January 19-21, 2010
New Approaches to Improving Student Learning and Classroom Practice
2010's Provost’s Seminar on Teaching and Learning offered three opportunities for faculty to participate in ongoing discussions about teaching, learning and the curriculum, building on the Provost’s Call to Action: Curriculum and Learning at Georgetown and the 2009 Fall Faculty Convocation’s focus on teaching and learning at Georgetown.
Find resources from the three events below.
Tuesday, January 19, 10-12
English Dept. Conference Room, New North 311
“A Systematic Approach to Improving the Quality of Undergraduate Theses”
Featuring: Julie Reynolds, Department of Biology, Duke University
BioTAP is a teaching and assessment tool designed to formalize the process of advising undergraduate thesis projects. BioTAP’s approach has already been adapted for use in other disciplines, including Chemistry, Economics, Engineering, and Literature, and will become increasingly relevant as more and more undergraduates are encouraged to undertake significant research projects.
Professor Reynolds’ research interests include the assessment of student writing, the assessment of critical thinking, and the evaluation of the efficacy of teaching technologies.
Wednesday, January 20, 1-3
Philosophy Dept. Conference Room, New North 204
“New Approaches for Improving Student Engagement in Large Enrollment Classes”
In this session, a panel of Georgetown faculty members shared what they have learned from experimenting with new approaches in large enrollment classes. For example, some faculty members have been surprised to discover how the use of lecture capture technology has changed what they are able to accomplish in the classroom. Other faculty have developed unexpected uses for clicker devices which go far beyond simple multiple choice questions. Other strategies, including online discussion boards and small group work, were also explored.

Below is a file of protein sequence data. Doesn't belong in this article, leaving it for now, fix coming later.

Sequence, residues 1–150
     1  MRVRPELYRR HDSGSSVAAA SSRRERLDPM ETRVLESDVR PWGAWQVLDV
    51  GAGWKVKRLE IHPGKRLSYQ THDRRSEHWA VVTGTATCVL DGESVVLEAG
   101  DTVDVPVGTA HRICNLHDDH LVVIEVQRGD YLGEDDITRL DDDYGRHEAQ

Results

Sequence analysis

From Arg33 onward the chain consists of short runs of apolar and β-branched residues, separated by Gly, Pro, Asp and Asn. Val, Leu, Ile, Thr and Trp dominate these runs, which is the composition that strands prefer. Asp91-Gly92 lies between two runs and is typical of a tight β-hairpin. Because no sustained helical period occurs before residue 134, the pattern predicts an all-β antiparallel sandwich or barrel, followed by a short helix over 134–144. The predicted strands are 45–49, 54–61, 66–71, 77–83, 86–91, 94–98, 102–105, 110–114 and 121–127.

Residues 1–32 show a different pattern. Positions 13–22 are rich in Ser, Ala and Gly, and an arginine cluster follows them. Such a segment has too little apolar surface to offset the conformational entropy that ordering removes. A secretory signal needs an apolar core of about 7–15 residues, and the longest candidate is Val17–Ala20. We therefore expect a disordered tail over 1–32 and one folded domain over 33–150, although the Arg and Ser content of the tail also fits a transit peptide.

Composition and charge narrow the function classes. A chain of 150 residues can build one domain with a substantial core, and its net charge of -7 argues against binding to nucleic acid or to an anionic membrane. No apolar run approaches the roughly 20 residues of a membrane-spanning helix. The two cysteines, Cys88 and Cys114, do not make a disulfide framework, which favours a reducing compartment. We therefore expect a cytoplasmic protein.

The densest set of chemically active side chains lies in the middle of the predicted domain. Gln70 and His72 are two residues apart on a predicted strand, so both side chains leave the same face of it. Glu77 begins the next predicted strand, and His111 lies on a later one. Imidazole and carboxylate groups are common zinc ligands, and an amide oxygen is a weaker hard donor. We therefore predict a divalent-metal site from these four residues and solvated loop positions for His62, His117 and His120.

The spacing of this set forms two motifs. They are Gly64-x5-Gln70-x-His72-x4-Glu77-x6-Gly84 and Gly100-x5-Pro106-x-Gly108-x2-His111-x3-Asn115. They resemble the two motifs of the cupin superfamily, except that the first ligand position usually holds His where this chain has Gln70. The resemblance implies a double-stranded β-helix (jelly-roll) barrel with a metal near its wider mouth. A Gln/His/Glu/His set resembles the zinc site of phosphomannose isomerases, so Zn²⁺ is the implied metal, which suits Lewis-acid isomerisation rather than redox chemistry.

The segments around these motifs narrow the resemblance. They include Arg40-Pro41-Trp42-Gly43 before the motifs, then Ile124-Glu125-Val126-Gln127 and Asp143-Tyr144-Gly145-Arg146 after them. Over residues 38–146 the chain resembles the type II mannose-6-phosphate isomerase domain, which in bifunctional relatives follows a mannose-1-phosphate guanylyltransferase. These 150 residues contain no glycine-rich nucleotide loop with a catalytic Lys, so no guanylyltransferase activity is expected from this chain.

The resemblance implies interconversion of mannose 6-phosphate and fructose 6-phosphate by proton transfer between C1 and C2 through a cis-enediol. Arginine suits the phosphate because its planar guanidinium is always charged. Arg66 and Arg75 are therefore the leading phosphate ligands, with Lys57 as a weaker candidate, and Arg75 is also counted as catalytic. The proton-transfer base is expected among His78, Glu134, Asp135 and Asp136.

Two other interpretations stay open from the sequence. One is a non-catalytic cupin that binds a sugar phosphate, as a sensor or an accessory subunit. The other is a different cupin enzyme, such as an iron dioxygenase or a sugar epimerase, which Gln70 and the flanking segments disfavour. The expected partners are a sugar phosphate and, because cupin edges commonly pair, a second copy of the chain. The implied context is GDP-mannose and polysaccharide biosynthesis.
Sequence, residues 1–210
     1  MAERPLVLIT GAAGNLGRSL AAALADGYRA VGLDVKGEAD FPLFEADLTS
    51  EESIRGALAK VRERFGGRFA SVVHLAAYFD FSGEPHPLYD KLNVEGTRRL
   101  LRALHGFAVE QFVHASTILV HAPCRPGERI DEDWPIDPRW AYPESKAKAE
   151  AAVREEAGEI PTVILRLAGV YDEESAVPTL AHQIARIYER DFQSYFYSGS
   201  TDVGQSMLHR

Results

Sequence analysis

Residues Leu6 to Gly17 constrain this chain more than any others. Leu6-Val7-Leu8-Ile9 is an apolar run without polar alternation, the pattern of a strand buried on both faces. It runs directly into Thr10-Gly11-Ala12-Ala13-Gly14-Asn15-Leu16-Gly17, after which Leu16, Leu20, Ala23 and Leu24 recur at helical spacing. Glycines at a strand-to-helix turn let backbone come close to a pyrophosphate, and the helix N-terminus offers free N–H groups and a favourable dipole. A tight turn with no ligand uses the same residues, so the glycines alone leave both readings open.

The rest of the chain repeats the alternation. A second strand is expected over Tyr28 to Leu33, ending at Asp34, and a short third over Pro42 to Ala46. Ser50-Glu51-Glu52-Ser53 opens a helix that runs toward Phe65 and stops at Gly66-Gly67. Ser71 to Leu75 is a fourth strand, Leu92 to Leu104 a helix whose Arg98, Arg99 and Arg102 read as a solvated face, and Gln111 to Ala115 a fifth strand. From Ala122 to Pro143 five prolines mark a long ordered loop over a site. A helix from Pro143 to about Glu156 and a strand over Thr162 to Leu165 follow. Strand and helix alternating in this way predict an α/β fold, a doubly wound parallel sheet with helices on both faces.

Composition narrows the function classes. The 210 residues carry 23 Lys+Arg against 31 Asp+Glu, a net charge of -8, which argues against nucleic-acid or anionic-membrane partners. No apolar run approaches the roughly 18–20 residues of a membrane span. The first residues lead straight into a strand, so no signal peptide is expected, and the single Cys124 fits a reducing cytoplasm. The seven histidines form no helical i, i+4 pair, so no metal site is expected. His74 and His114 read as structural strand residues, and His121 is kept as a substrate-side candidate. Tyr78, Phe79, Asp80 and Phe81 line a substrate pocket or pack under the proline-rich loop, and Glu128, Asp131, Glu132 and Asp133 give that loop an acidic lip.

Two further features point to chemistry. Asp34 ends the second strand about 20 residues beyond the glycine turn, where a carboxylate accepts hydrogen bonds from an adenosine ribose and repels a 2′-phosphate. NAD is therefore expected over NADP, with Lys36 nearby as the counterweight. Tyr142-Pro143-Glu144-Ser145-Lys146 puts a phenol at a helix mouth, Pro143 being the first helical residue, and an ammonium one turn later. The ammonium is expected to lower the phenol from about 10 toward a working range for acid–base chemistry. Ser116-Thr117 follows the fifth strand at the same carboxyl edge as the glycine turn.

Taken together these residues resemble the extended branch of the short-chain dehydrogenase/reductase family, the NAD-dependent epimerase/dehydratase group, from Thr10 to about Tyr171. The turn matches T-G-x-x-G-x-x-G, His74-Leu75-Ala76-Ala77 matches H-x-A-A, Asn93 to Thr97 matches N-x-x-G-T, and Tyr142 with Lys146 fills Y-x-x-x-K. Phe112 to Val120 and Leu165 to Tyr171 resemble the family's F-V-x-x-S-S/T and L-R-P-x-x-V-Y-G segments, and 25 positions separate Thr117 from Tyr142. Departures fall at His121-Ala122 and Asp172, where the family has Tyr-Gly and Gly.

Thursday, January 21, 10:30-1:00 (includes lunch)
“Big Concepts and Instructional Bottlenecks: the ‘Decoding the Disciplines’ Approach”
Featuring: David Pace, Professor of History and Co-Director of the Freshman Learning Project, Indiana University
Remarks: Provost Jim O’Donnell
In this presentation, David Pace explained the process of “decoding the disciplines” developed by Indiana University’s History Learning Project, which is designed to address learning “bottlenecks” that students encounter in the context of introductory courses. In this process, professors are encouraged to model the basic steps in disciplinary practice, which are often second nature to experts but can be puzzling to students. Professor Pace has found that exploring the gaps between faculty expectations and student misunderstandings can yield useful insights about the teaching and learning process.
The Decoding the Disciplines Project was recently featured in the Chronicle of Higher Education.
In addition to serving as Co-Director of the Freshman Learning Project, historian David Pace is currently a Pew Fellow in the Carnegie Academy of the Scholarship of Teaching and Learning. He has long been recognized for his innovative teaching and commitment to curricular reform.